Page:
Photo by Seyllou/AFP via Getty Images.

Senegal Erupts into Protests Over COVID-19 Curfews

Senegal Erupts Into Protests Over COVID-19 Lockdown Measures

Youths have taken to the streets of major cities in Senegal to protest economic hardships which have resulted from the curfew and ban on regional travel amid the coronavirus outbreak.

Protests have erupted in Dakara, Mbacké, Touba, Tambacounda and Diourbel with youths taking to the streets to protest against the curfew and ban on regional travel amid the ongoing COVID-19 outbreak. Clashes have also occurred between the protesters and security forces in Senegal according to reports by Aljazeera. The lockdown measures have been in effect for almost three months now as part of efforts to curb the spread of the pandemic.

According to AFP, at least 70 protesters have been arrested thus far. However, the protests are set to continue indefinitely with President Macky Sall having extended the lockdown measures to the end of June.

Unrest in the religious city of Touba prompted the caliph of the Mouride Brotherhood, Serigne Mountakha Mbacke, to make a late-night television appearance. Mbacke appealed to protesters saying, "Go home. Tomorrow we will look at the source of the problems and how to address them. I don't think we have ever seen this in Touba."

Similar protests recently erupted in Guinea with six protesters losing their lives following clashes with the police and security forces. Roadblocks set up by authorities in Coyah and Dubreka sparked unrest with protesters claiming that they were being mistreated and extorted by authorities when entering and exiting the capital city.

The total number of coronavirus cases in Africa now stands at just over 160 000 cases and at leat 4600 reported deaths. Senegal has just under 4000 cases and 45 deaths while Guinea has approximately 3933 cases and 23 deaths according to BBC's Coronavirus in Africa tracker.

Interview
Photo: Benoit Peverelli

Interview: Oumou Sangaré Proves Why She's the Songbird of Wassoulou

We caught up with the Malian singer to talk about her new Acoustic album, longevity as an artist, and growing up in Mali.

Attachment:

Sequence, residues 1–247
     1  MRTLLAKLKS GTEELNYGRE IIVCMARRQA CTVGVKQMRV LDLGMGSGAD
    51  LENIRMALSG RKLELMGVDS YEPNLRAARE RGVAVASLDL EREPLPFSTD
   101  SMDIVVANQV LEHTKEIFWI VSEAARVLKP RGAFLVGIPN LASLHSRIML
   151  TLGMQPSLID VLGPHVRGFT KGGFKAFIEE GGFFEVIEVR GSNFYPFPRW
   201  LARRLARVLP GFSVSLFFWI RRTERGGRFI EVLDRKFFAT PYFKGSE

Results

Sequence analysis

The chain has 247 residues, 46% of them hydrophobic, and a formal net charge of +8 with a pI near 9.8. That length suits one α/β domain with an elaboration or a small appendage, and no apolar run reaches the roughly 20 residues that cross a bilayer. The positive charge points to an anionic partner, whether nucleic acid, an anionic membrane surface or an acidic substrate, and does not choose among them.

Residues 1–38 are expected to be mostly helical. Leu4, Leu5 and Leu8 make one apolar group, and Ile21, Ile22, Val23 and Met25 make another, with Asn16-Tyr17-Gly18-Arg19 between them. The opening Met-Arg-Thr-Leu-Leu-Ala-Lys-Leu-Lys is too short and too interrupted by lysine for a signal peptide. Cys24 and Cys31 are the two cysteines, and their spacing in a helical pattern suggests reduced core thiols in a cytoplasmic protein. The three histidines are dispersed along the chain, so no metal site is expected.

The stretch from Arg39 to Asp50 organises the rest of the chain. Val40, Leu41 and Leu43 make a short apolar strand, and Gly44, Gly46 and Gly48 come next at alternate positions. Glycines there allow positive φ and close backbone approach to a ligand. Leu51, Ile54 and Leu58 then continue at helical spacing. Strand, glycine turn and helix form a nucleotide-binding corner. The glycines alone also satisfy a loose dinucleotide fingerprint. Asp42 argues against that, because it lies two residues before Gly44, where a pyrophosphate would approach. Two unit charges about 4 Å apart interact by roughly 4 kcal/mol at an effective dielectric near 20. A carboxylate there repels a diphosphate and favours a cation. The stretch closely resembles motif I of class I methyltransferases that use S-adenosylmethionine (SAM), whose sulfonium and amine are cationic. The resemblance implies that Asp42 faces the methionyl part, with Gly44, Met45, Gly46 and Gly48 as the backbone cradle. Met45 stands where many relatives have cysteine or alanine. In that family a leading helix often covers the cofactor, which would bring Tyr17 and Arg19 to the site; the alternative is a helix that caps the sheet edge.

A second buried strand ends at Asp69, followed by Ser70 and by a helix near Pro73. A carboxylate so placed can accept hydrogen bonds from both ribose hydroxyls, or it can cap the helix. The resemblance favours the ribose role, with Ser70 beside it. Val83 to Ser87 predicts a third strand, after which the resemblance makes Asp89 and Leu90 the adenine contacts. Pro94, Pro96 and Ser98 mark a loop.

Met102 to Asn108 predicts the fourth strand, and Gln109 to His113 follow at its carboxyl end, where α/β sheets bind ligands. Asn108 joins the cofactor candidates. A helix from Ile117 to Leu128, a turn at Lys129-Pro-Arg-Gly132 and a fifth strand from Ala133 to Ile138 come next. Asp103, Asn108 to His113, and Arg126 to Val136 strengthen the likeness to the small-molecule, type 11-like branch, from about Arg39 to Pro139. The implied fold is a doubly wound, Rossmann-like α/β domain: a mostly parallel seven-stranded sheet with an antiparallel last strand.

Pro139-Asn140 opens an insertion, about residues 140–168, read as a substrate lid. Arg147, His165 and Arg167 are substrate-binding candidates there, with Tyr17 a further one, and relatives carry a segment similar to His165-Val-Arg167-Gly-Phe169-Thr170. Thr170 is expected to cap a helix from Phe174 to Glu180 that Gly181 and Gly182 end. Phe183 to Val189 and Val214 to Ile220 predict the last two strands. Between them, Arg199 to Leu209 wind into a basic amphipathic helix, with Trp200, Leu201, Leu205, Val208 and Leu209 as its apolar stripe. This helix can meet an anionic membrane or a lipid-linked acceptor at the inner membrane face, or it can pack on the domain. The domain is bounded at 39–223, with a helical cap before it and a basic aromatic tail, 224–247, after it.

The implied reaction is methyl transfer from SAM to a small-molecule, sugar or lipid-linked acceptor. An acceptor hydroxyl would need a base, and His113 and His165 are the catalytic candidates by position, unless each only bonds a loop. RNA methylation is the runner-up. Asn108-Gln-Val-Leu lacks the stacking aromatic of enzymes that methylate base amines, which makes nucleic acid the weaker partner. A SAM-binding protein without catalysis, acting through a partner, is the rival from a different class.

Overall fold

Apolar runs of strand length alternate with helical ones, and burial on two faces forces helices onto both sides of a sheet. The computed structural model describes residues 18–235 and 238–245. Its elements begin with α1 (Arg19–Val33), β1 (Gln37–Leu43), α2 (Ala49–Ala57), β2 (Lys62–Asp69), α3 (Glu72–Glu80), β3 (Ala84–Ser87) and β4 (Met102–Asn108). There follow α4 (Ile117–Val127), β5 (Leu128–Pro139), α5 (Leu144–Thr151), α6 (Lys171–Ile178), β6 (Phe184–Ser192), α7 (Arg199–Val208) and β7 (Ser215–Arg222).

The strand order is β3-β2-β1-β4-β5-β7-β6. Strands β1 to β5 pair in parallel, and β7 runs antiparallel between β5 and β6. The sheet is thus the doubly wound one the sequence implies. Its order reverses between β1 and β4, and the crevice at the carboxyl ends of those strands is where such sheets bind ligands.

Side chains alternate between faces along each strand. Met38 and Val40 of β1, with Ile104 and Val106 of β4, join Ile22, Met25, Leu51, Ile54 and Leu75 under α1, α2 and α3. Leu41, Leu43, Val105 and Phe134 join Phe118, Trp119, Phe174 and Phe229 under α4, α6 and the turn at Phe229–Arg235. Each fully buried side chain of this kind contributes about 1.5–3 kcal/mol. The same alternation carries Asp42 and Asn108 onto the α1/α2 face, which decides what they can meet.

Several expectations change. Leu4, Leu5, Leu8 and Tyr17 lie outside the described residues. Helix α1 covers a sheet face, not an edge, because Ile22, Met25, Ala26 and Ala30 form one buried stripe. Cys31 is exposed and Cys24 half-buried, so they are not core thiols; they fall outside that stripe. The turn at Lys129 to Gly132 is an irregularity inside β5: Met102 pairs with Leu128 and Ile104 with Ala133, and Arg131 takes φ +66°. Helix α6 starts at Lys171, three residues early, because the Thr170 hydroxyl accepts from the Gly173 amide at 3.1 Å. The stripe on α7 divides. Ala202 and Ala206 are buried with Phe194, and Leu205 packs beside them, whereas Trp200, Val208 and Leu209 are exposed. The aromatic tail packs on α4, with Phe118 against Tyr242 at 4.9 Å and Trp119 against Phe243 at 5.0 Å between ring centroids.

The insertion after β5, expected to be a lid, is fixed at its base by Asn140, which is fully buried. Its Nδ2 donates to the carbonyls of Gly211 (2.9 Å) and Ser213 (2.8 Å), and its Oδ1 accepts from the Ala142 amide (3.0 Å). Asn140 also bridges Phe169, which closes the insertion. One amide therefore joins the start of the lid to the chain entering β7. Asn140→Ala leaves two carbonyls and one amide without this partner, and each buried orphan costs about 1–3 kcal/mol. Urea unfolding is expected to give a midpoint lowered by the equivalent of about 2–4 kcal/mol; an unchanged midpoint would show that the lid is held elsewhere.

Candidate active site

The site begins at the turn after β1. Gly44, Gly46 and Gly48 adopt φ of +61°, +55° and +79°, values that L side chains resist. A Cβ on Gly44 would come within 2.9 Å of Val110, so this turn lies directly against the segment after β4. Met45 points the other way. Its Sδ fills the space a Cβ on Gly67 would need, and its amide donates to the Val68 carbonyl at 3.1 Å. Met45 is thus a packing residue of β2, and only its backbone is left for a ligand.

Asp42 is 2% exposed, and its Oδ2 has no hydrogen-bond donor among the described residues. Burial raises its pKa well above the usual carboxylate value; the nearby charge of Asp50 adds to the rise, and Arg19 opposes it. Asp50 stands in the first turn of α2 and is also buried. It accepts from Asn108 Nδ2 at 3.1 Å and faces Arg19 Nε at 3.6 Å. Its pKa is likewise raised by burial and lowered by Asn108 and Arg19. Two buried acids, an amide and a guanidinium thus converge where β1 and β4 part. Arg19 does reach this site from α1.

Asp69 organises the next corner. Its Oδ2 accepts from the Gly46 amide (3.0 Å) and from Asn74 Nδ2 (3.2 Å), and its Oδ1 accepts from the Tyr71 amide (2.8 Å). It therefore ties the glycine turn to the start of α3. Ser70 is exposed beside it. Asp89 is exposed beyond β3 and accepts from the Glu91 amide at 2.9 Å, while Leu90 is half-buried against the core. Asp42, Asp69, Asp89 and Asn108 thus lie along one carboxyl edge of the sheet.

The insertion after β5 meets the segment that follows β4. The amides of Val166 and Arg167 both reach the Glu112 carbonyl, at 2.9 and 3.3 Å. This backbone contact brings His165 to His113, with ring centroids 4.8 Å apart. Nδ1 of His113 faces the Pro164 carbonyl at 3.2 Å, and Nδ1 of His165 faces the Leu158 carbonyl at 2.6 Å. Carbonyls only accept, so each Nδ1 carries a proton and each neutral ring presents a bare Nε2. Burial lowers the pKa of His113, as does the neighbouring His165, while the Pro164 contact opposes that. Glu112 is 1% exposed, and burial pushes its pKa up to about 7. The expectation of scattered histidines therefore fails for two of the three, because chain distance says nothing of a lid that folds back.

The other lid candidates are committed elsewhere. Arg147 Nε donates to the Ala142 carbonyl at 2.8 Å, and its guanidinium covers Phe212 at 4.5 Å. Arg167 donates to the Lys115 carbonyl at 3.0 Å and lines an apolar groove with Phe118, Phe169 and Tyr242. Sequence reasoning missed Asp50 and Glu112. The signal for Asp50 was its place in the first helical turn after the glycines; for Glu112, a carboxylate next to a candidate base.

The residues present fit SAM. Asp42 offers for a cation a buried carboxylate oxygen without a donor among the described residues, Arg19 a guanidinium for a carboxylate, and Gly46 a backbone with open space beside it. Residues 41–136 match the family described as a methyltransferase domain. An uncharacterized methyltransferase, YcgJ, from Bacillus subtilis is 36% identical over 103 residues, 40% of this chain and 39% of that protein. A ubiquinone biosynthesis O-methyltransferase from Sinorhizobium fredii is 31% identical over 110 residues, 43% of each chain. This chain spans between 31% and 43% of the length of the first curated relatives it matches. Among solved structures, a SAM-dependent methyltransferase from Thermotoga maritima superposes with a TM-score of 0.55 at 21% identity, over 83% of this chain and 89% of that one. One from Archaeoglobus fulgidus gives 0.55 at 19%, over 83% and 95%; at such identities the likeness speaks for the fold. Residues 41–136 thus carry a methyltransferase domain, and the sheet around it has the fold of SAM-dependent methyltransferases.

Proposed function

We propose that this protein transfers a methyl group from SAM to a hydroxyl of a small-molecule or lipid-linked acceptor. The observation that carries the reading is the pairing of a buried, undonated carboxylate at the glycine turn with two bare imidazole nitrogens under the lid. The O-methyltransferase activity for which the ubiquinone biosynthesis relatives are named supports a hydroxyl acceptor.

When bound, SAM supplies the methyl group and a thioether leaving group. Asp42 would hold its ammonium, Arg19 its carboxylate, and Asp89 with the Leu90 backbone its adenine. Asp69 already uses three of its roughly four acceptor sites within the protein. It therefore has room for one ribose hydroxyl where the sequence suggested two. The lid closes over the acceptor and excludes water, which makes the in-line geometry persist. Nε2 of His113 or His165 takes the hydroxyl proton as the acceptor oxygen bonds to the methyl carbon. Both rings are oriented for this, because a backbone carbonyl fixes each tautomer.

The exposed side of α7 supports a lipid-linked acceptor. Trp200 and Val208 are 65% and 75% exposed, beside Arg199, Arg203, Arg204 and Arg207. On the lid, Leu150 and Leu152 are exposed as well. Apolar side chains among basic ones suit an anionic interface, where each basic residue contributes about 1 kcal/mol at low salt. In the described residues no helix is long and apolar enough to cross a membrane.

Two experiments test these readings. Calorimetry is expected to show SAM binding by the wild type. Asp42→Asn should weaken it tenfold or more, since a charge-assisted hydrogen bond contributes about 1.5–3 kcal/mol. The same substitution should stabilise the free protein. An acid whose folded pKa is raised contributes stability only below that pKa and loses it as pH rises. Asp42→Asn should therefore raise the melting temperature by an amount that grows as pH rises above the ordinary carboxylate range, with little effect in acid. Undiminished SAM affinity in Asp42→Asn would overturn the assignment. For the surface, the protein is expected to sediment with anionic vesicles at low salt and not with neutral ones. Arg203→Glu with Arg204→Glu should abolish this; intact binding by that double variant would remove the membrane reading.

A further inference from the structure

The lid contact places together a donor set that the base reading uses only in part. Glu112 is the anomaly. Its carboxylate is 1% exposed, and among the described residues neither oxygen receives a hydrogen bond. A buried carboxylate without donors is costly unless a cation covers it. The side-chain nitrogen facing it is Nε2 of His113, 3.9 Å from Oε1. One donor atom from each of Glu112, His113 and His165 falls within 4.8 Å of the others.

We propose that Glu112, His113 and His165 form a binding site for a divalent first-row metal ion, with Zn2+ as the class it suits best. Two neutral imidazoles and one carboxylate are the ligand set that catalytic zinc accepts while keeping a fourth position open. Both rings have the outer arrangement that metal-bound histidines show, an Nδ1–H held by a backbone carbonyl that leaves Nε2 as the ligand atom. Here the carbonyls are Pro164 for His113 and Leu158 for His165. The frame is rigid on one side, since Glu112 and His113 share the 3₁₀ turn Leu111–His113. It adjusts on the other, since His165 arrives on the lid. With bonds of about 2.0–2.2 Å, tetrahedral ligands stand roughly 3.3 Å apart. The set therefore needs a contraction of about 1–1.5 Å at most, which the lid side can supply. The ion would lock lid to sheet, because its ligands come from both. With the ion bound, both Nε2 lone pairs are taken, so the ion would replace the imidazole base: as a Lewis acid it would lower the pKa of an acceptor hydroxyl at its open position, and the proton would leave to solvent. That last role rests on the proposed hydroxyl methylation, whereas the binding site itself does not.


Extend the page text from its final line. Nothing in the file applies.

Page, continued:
When Oumou Sangaré tells me freedom is at her core, I am not surprised. If you listen to her discography, you'll be hard-pressed to find a song that doesn't center or in some way touch on women's rights or child abuse. The Grammy award-winning Malian singer has spent a significant part of her career using her voice to fight for the rights of women across Africa and the world, a testimony to this is her naming her debut studio album Moussolou, meaning Woman. The album, a pure masterpiece that solidified Oumou's place amongst the greats and earned her the name 'Songbird of Wassoulou,' was a commercial success selling over 250,000 records in Africa and would in turn go on to inspire other singers across the world.

On her latest body of work Acoustic, a reworking of her critically acclaimed 2017 album Mogoya, Oumou Sangaré proves how and why she earned her accolades. The entirety of the 11-track album was recorded within two days in the Midi Live studio in Villetaneuse in 'live' conditions—with no amplification, no retakes or overdubs, no headphones. Throughout the album, using her powerful and raw voice that has come to define feminism in Africa and shaped opinions across the continent, Oumou boldly addresses themes like loss, polygamy and female circumcision.

We caught up with the Malian singer at the studio she is staying while in quarantine to talk about her new album, longevity as an artist, and growing up in Mali.

This interview has been edited and condensed for clarity.

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